Marketing magician Bob Parker put Vail on the map, before there was a map
A celebration of Bob Parker’s life is scheduled for 11 a.m. Friday, Sept. 22, at Vail’s Gerald Ford Amphitheater.
VAIL — Vail’s 50th anniversary was easy. The first one was tough.
It was Sept. 18, 1962, three months before the resort even opened, when Vail’s marketing magician Bob Parker announced tentative plans for Vail’s first anniversary celebration. The lofty goal was to “establish Vail as the finest winter resort in the Western Hemisphere.”
Job descriptions did not exist in early Vail. Everyone worked together, and they worked all day every day.
“We were working at something we enjoyed,” Parker said. “These were guys who had never worked on a ski resort but had in common a belief in the project.”
Parker died June 29 in Grand Junction at age 94. A celebration of his amazing life is at 11 a.m. Friday, Sept. 22, at Vail’s Gerald Ford Amphitheater.
Here’s why Parker was a marketing magician.
On Feb. 18, 1962, the New York Times ran a full-page story about the new Vail Pass Ski Area.
Bear in mind that February 1962 was 10 months before the area would open and three to four months before the first shovel of dirt would be moved.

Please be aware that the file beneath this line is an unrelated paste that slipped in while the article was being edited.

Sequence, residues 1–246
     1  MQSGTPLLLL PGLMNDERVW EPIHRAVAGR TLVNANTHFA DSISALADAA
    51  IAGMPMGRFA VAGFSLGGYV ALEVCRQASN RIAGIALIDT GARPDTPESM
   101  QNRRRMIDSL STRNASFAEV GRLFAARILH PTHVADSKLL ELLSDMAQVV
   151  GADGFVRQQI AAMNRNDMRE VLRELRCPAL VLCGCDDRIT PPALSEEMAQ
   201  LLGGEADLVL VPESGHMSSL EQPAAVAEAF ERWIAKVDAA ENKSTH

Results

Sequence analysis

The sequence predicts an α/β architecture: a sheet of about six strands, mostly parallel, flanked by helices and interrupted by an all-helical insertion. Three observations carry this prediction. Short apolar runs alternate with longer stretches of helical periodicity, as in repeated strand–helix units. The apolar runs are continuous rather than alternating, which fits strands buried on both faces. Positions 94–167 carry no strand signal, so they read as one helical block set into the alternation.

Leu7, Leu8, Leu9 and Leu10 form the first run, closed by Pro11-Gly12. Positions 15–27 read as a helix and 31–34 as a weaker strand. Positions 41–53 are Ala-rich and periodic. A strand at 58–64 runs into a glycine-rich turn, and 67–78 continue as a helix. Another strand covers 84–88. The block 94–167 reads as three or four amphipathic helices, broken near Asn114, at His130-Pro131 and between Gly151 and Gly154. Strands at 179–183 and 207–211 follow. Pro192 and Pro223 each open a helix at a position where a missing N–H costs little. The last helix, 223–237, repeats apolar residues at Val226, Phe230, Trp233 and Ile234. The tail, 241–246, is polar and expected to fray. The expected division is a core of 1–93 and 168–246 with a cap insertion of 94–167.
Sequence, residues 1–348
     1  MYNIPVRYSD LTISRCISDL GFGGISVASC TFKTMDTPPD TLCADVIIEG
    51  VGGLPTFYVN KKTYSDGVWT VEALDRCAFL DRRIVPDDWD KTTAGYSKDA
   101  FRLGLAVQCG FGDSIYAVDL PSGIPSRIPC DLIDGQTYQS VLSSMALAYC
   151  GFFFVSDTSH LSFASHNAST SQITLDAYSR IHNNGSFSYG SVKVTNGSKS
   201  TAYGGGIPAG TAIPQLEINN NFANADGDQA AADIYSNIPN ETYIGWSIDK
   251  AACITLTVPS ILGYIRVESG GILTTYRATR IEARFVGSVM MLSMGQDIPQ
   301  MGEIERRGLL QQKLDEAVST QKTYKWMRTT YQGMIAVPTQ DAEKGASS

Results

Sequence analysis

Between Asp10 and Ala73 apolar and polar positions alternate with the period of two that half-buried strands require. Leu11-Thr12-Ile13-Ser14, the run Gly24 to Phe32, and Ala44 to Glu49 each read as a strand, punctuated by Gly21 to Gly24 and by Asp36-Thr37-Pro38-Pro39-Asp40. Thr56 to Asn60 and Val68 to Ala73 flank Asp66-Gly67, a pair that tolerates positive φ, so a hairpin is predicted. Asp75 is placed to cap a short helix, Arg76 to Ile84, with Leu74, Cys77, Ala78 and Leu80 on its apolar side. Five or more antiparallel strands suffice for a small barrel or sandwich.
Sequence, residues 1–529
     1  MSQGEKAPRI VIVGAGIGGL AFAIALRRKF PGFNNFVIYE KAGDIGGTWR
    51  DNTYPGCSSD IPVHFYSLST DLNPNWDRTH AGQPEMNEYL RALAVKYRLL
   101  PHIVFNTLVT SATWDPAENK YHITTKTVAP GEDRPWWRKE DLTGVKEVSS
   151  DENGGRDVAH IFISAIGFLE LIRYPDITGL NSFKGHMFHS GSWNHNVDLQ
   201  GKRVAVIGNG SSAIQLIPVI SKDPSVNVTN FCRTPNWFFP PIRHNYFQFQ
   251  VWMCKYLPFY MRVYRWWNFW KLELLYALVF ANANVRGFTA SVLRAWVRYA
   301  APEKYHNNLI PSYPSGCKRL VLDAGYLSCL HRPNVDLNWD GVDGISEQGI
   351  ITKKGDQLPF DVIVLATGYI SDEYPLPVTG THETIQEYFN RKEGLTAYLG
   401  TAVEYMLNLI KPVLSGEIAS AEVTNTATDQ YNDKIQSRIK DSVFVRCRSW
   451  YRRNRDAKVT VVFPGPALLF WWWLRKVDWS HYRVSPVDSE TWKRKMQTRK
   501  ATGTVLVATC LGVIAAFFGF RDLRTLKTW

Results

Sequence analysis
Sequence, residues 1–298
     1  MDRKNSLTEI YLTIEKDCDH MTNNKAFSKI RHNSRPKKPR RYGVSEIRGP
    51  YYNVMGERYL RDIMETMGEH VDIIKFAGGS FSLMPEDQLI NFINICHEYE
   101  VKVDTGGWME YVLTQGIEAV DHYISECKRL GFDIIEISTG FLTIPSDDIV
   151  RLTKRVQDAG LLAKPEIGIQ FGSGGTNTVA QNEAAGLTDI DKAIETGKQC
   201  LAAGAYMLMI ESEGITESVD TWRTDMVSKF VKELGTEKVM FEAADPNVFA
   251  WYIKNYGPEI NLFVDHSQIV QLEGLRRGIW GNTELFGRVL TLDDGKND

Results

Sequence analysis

Nine months later, the New York Times was back for another full-page story. The Nov. 18, 1962, edition gushed that the new ski center “emerged from the chaos” and that “the mountain sits near the center of awesome topography.”
On July 15, 1962, with Vail in complete construction/chaos mode, Parker managed to get Ski Magazine to do an extremely friendly photo session. Photographers spent four days in Vail amid that chaos, shooting the magazine’s fashion edition. Ski Magazine used some of those photos for a feature about new resorts, led by Vail.
Parker convinced Sports Illustrated editor Ezra Bowen to do a complete color photo story about Vail. Bowen included Vail in his new ski book to be published in the fall of 1962.
On Nov. 7, 1963, the Denver Post reported that “one of the West’s most fabulous resorts is developing here.”
Which brings us back to Vail’s first anniversary Parker was planning well before the ski area ever opened.
He wanted to get Pete Seibert on “The Today Show” with Hugh Downs, invite movie stars to town, have stunt-skiing exhibitions by professional skiers, invite the Rat Pack (Frank Sinatra, Sammy Davis Junior, Joey Bishop, Dean Martin), invite Bobby Kennedy to town, convince Lowell Thomas to do a broadcast from Vail, develop a new gimmick like a torchlight parade to become a Vail tradition akin to cliff divers in Acapulco, get the Mormon Tabernacle Choir to perform.
But no matter how good things are, they can always go wrong.
Parker implored people to “Remember the Squaw Valley debacle at the (1960) Olympics. Don’t allow them to say, 1. They caught cold in an open bus, 2. They lost their luggage.”
Bob Parker quotes were drawn from previous Vail Daily and Vail Trail articles. Some information for this story came from “Tales from the 10th,” by Lauren Moran, and John Horan-Kates’ book, “The Vail Way.” Staff Writer Randy Wyrick can be reached at 970-748-2935 or email@example.com.